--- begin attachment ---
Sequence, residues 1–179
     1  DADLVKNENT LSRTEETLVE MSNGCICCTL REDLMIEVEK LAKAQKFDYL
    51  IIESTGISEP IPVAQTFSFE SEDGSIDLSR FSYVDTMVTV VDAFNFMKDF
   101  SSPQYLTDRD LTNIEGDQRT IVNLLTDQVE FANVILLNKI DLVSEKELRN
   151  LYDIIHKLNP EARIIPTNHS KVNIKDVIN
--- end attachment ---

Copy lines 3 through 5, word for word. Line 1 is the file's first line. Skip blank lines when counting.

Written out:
    51  IIESTGISEP IPVAQTFSFE SEDGSIDLSR FSYVDTMVTV VDAFNFMKDF
   101  SSPQYLTDRD LTNIEGDQRT IVNLLTDQVE FANVILLNKI DLVSEKELRN
   151  LYDIIHKLNP EARIIPTNHS KVNIKDVIN